Always trailblazers in producing lesser-known wine varietals, Division Winemaking Company’s (DWC) spring releases are Pacific Northwest variations of popular Loire Valley and Beaujolais wines. Leading the pack is the second vintage of the highly popular 2014 Division-Villages “L’Isle Verte” Chenin Blanc. Through the release of this less popular varietal and one of the few made in North America, DWC is determined to spread the word about the wine’s amazing range and that it can be paired with anything. Their goal is to make it a household name, served at the daily dinner table and top of mind when ordering wine at a restaurant. To achieve this noble goal the winery is launching the first ever #DrinkChenin campaign in the U.S. with #DrinkChenin events in New York City, Atlanta and Washington D.C. in May and naming June 12, 2015 Drink Chenin Day with events coast to coast. They invite others around the country to join in and document their celebration all summer long with the hashtag #DrinkChenin.
Division Winemaking Company owners Kate and Tom Monroe arrived in Oregon in early 2010 with youthful energy and armed with a wealth of experience and knowledge that they learned from making Gamay, Pinot Noir, Chardonnay and other varietals in France. Not being taught the more traditional New World winemaking methodologies most commonly seen on the West Coast, provided the opportunity to start their winery uninfluenced by the New World norms. Therefore, they are able to demonstrate where their influences came from and whom they learned from, through their wines. In 2012 the duo opened SE Wine Collective in response to their personal interest in creating a unique multi-faceted urban winery, coupled with increasing public interest in the urban wine movement and moved their winery into the space. Through the Collective the Monroes have helped shepherd the upstart of multiple artisanal wineries that together have produced about 20 varietals.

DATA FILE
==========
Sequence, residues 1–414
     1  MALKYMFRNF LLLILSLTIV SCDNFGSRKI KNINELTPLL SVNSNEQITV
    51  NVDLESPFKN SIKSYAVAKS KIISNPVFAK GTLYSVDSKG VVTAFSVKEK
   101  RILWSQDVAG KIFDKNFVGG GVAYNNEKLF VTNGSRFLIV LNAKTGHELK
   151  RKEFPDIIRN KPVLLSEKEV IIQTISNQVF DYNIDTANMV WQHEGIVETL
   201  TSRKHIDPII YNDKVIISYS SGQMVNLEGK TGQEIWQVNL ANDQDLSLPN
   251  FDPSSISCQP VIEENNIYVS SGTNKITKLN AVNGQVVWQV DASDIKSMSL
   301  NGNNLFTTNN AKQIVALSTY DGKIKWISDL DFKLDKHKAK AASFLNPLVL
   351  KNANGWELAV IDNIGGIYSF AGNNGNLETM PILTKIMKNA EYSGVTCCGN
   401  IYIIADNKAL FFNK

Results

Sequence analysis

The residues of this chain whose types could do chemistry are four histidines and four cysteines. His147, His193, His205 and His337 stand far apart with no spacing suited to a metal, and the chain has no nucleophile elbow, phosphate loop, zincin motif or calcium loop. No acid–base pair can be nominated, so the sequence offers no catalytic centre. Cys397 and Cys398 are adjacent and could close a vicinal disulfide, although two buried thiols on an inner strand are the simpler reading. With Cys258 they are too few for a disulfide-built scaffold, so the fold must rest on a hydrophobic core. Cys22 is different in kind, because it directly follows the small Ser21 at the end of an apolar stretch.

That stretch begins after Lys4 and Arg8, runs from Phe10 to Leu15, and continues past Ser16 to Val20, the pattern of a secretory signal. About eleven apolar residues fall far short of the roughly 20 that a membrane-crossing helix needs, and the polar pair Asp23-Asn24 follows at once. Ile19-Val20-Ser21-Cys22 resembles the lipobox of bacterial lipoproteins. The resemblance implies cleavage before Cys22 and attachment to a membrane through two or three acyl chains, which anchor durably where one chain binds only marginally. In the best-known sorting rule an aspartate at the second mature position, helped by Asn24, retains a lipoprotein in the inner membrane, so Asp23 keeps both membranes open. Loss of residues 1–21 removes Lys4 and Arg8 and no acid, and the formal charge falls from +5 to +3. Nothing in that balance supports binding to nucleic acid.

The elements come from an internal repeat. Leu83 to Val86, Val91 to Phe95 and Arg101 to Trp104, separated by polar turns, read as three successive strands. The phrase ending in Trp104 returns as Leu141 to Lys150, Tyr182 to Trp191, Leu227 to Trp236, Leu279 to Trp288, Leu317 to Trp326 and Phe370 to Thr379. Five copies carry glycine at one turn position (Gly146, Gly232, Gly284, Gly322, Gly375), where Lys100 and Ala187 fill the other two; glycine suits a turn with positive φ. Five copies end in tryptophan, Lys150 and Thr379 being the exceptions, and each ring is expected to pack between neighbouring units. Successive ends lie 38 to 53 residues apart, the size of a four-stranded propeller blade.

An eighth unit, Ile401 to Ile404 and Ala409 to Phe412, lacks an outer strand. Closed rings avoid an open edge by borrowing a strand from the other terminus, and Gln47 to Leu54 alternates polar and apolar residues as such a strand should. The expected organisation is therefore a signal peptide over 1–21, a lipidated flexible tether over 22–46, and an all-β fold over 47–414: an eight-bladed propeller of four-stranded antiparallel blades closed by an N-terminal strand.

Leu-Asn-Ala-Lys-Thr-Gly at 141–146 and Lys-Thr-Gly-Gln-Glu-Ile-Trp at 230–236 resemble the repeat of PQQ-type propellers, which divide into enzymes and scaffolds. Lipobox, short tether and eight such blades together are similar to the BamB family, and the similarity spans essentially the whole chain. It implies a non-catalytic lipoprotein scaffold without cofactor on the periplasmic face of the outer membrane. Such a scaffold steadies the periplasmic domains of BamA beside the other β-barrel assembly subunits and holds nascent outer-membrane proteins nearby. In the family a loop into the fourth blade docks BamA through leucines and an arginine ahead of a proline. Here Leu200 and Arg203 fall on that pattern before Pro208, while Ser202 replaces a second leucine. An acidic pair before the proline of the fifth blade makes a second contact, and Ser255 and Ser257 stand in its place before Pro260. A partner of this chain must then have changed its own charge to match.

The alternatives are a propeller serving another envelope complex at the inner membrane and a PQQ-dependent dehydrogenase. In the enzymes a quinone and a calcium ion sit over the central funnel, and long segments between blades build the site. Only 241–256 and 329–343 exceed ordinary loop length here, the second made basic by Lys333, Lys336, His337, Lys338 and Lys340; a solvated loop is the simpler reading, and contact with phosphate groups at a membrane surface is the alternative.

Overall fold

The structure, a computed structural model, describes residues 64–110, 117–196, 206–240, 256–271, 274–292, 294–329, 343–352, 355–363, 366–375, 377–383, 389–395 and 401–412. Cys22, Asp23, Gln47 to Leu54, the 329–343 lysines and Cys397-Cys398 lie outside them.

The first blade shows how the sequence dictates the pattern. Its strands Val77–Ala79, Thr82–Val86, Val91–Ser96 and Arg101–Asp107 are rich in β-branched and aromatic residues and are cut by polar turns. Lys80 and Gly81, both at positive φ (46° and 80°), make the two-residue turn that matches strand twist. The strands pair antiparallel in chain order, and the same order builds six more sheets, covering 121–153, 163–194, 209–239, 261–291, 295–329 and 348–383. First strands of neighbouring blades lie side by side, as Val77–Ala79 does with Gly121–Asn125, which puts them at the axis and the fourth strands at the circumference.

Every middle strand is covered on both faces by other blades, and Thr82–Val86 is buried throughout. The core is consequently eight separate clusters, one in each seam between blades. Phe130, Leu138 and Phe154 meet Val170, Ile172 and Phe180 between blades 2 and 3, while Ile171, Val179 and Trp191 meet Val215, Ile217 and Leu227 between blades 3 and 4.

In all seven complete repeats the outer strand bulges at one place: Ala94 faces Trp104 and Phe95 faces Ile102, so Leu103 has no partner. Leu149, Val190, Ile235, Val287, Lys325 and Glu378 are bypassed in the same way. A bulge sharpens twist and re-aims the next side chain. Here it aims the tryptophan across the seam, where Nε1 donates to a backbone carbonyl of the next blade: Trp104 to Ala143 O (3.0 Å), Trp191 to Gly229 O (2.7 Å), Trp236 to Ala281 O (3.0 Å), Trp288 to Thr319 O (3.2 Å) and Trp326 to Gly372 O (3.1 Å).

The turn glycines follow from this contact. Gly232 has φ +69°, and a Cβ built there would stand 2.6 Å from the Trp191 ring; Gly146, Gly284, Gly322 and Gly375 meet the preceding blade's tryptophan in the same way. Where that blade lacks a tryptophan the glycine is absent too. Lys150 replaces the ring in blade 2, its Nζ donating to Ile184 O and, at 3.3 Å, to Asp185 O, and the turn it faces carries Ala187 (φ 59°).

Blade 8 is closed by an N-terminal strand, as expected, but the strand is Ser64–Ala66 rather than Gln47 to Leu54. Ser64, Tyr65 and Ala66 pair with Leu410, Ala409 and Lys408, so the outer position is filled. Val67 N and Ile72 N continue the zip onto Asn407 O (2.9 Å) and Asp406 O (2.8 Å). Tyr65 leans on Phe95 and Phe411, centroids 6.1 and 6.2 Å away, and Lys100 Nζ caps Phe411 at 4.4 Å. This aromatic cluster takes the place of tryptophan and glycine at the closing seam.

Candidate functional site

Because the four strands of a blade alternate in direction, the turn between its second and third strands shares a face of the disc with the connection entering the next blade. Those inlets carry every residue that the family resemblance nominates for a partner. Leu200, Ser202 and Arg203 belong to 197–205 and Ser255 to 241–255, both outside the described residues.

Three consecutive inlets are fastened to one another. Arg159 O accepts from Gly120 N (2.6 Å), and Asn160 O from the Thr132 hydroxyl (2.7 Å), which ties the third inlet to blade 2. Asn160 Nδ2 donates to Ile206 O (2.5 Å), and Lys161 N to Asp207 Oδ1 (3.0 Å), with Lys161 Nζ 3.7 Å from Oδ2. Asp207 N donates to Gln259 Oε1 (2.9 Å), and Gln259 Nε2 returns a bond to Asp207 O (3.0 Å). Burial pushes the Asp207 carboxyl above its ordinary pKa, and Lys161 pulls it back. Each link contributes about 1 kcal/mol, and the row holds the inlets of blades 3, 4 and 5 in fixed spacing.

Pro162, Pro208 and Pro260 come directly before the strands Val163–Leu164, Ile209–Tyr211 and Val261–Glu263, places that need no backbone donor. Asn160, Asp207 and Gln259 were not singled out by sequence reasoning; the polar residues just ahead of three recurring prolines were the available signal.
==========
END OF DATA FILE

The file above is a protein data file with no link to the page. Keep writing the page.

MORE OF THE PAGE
While working in France, Kate and Tom were briefly exposed to Chenin Blanc and fell in love with its versatility and adaptability and were intrigued to try and taste Northwest versions of the varietal when they arrived in Oregon. They quickly discovered there wasn’t much to try. They did find a few remaining small vineyard sites in the Yakima Valley that were planted in the 1970s, including Willard Farms Vineyard, when Chenin was being “tried out” in the region. Nearly 40 years later, the Monroes decided to take a shot on the grape at Willard Farm Vineyard with the 2013 vintage, determined to see if Chenin had a future in the Pacific Northwest and released the 2013 Division-Villages “l’Isle Verte” Chenin Blanc. Their hunch proved correct, and pleased with the resulting wine, they swiftly added Chenin Blanc to their annual spring lineup.